As the statistics show the contribution of migrant living in Italy to the budget exceeds several times the amount spent on migration, they contribute to maintain Italian welfare-system, which is facing challenges as a consequence of the ageing Italian society; they take jobs that Italian nationals wouldn’t take, therefore they are not taking jobs from Italians. However, such expenditures spent on migration were not calculated in the Italian budget and economic performance in the long run. Having a balanced budget with enough amount to be spent on migration had been a challenge even before the Arab spring started, since Italy hadn’t recovered from the 2008 crisis; but the larger migration-expenditures are harder to set aside, while the economy is still struggling.

The impacts of the migration flows after the Arab spring are expected to be less positive in the long-run, as it could be for example in Germany, because for the majority of the arrivals from North Africa, Italy is considered to be a transit country, they do not plan on residing in Italy, therefore entering Italian labour market, so in the long run they do not take part in the post-2008 recovery of the economy.

 


[1] Muammer Qaddafi, commonly known as Colonel Queddafi ruled Lybia with an iron fist from 1969 to 2011.

[2] The Italian government started to establish relations with the new Tunisian regime at the beginning of the first migration flow, while the Tunisian situation was about to consolidate. The ministers of Interior signed a new agreement about the readmission of illegal migrants. However the obvious differences between the Tunisian and Libyan situations need to be emphasised: the regime change in Tunisia was fast and relatively smooth, the ’succession’ was unambigouos, Italian diplomacy found an interlocutor. But as this case shows, curbing illegal migration flows was a primary objective of the Italian administration.

[3] Consiglio dei Ministri (2011): Piano per l’accoglienza dei migranti, http://www.protezionecivile.gov.it/resources/cms/documents/Piano_migrant...,

[4] Buzan, Barry – Wæver, Ole – Wilde, Jaap de (1998): A New Framework for Analysis Lynne Rienner, Publishers. Boulder, Colorado.

[5] Matarazzo, Raffaello (2009): L’Italia e immigrazione, tra fobie e integrazione, Affari Internazionali, forrás: http://www.affarinternazionali.it/2009/12/litalia-e-         limmigrazione-tra-fobie-e-integrazione/.

[6] Transatlantic Trends (2014): Mobility, Migrationa and Integration, The German Marshall Fund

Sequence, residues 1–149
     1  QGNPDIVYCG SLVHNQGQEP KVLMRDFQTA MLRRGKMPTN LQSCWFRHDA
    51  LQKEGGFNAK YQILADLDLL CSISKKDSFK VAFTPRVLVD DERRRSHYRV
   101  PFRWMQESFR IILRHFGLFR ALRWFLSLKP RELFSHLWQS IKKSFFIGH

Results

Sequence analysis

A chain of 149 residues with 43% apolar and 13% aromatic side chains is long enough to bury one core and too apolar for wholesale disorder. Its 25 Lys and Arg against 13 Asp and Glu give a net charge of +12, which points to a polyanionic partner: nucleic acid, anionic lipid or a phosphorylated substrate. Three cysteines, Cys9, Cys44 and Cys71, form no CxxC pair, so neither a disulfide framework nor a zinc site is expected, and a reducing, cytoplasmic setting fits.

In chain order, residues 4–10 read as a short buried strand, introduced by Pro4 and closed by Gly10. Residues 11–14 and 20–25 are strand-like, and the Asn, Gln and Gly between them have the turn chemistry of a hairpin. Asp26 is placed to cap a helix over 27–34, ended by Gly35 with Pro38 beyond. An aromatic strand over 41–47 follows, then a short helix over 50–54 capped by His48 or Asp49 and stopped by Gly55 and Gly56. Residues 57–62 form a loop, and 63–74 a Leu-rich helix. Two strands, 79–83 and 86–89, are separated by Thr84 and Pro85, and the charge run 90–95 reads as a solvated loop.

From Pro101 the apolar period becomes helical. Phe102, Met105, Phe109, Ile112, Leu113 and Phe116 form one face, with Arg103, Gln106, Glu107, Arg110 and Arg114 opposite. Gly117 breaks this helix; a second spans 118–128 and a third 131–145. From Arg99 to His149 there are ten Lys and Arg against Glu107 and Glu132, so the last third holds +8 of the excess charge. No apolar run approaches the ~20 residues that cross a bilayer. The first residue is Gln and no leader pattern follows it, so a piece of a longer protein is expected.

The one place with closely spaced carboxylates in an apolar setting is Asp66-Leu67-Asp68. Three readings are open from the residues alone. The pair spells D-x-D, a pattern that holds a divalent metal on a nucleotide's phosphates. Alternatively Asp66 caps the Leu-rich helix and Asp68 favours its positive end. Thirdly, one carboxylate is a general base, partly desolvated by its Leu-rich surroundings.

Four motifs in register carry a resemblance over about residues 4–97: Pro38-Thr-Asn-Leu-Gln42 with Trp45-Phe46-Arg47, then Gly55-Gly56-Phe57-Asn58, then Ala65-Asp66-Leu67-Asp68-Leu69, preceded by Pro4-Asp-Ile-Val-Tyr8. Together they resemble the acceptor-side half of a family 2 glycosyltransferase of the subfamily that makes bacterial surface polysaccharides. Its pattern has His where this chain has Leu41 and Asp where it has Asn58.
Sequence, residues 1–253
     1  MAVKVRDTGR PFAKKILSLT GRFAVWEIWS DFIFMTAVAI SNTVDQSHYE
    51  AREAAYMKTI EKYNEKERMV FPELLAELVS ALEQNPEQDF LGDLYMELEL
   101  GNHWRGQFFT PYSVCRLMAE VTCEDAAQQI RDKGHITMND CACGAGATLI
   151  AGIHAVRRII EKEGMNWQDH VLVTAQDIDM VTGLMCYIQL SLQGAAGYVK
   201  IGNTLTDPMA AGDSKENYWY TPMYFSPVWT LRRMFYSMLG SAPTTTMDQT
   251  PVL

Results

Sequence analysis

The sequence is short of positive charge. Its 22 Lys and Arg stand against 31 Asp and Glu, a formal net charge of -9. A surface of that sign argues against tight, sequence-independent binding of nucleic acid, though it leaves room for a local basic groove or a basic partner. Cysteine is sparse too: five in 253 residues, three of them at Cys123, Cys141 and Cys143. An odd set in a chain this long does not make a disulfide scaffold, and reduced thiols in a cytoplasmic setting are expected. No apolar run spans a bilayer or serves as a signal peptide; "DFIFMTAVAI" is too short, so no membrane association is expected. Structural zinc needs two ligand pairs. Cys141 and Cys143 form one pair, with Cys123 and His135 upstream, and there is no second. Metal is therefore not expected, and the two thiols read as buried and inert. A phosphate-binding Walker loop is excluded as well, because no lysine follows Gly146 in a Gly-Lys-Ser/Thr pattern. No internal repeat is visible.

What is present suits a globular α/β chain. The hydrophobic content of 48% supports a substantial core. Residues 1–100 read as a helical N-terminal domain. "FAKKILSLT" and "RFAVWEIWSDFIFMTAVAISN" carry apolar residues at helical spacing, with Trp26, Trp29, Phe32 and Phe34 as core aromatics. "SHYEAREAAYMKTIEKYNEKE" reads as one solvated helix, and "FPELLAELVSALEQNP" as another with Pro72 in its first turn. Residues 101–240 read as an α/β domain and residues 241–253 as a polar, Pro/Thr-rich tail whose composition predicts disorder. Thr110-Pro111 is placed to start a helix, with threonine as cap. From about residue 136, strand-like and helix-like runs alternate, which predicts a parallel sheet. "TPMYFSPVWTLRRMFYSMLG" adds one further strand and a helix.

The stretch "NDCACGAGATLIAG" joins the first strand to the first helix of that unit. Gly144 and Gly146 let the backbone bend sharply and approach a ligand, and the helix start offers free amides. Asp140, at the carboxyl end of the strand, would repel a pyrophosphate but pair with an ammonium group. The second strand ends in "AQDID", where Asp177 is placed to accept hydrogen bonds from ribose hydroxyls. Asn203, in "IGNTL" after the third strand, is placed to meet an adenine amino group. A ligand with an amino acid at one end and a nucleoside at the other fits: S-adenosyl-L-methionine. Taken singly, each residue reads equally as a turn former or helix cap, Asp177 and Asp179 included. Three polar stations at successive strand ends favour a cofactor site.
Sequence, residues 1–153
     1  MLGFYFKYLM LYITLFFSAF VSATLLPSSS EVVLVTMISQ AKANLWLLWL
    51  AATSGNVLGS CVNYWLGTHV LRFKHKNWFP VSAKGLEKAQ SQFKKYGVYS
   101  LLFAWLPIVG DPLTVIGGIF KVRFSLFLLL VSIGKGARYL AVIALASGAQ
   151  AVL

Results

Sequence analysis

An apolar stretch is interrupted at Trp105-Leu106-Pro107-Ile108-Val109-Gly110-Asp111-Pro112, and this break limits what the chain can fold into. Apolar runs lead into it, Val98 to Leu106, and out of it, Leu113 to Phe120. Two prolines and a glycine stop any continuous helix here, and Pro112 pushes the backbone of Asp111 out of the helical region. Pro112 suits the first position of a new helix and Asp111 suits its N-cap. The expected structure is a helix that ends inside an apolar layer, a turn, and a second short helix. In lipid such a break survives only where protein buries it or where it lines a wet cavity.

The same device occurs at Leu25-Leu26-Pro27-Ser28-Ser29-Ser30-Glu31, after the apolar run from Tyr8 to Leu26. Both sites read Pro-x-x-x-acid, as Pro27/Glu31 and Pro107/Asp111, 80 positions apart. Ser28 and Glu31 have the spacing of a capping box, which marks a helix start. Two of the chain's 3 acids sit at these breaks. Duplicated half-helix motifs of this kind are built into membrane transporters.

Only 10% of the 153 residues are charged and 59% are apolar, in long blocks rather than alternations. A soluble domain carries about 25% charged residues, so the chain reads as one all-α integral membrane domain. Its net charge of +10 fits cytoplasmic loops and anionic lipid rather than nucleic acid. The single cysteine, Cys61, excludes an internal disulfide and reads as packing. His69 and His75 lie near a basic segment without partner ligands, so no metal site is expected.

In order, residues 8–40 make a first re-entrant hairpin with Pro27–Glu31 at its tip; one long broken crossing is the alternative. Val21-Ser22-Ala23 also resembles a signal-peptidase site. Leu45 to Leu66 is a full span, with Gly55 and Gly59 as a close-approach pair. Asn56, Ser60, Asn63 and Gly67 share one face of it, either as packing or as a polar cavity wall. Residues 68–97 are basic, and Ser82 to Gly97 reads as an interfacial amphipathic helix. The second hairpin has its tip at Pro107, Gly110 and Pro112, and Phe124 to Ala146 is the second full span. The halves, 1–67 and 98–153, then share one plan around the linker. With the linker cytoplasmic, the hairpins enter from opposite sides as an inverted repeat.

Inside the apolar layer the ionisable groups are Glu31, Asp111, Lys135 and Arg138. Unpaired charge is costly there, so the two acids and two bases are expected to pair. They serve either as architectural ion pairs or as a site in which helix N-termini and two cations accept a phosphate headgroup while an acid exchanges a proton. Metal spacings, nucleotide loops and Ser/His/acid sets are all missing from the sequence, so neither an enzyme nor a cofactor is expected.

[7] from May 2006 to May 2008.

[8] When examining these polls we must take into consideration that 3 Italian nationals lost their lives in the attack against Bardo museum. Later the investigation found that one of the attackers was trained in Libya.

[9] Transatlantic Trends, 2014

[10] Corriere della Sera (2018): Il rapporto Amnesty: «L'Italia è intrisa di ostilità e razzismo», http://www.corriere.it/cronache/18_febbraio_22/elezioni-amnesty-l-italia...

[11] ISPI (2016): Cosa pensano gli esperti, https://www.ispionline.it/it/infografiche/2016-cosa-pensano-gli-esperti?...

[12] ISPI (2017): Gli italiani e il resto del mondo, https://www.ispionline.it/sites/default/files/media/img/ispi_sondaggio_e...

[13] Istituto Nazionale di Statistica (2018): Notizie sulla presenza straniera in Italia, http://www.istat.it/it/immigrati,; Tóth Bálint László (2017): Az olasz migrációs politika hátterének elemzése, Migrációkutató Intézet, https://www.migraciokutato.hu/hu/2017/06/21/az-olasz-migracios-politika-...

[14] ISPI, 2017

[15] Even though Enrico Letta’s government was a coalition government between the left-wing Partito Democratico, and the right-wing Popolo della Libertá, it is considered to be a left-wing government, PD being the leading coalition party.

[16] Fondazione Leone Moressa (2017): Rapporto 2017 sull’economia dell’immigrazione, : http://www.fondazioneleonemoressa.org/newsite/wp-content/uploads/2017/10...

[17] Programma di Stabilità (2017), http://www.dt.tesoro.it/modules/documenti_it/analisi_progammazione/docum...

 

Bibliography:

Buzan, Barry – Wæver, Ole – Wilde, Jaap de (1998): A New Framework for Analysis Lynne, Rienner, Publishers. Boulder, Colorado.

Consiglio dei Ministri (2011): Piano per l’accoglienza dei migranti, http://www.protezionecivile.gov.it/resources/cms/documents/Piano_migranti.pdf

Corriere della Sera (2018): Il rapporto Amnesty: «L'Italia è intrisa di ostilità e razzismo», http://www.corriere.it/cronache/18_febbraio_22/elezioni-amnesty-l-italia-intrisa-ostilita-razzismo-a82122ba-17b7-11e8-b6ca-29cefbb5fc31.shtml

Fondazione Leone Moressa (2017): Rapporto 2017 sull’economia dell’immigrazione, http://www.fondazioneleonemoressa.org/newsite/wp-content/uploads/2017/10/Comunicato-stampa-18.10.2017-DA-STAMPARE.pdf

FRONTEX: Migratory Routes https://frontex.europa.eu/along-eu-borders/migratory-routes/central-mediterranean-route/

ISPI (2016): Cosa pensano gli esperti, https://www.ispionline.it/it/infografiche/2016-cosa-pensano-gli-esperti?platform=hootsuite

ISPI (2017): Gli italiani e il resto del mondo, https://www.ispionline.it/sites/default/files/media/img/ispi_sondaggio_esteso_2017_report_def.pdf

Istituto Nazionale di Statistica (2018): Notizie sulla presenza straniera in Italia, http://www.istat.it/it/immigrati

Matarazzo, Raffaello (2009): L’Italia e immigrazione, tra fobie e integrazione, Affari Internazionali, source: http://www.affarinternazionali.it/2009/12/litalia-e-limmigrazione-tra-fobie-e-integrazione

Programma di Stabilità (2017), http://www.dt.tesoro.it/modules/documenti_it/analisi_progammazione/documenti_programmatici/def_2017/Sez.1_-_Programma_di_Stabilita_2017.pdf

Tóth Bálint László (2017): Az olasz migrációs politika hátterének elemzése, Migrációkutató Intézet, https://www.migraciokutato.hu/hu/2017/06/21/az-olasz-migracios-politika-hatterenek-elemzese/

Transatlantic Trends (2014): Mobility, Migrationa and Integration, The German Marshall Fund

Photo credit: naturalflow, Flickr, https://bit.ly/2OVuKU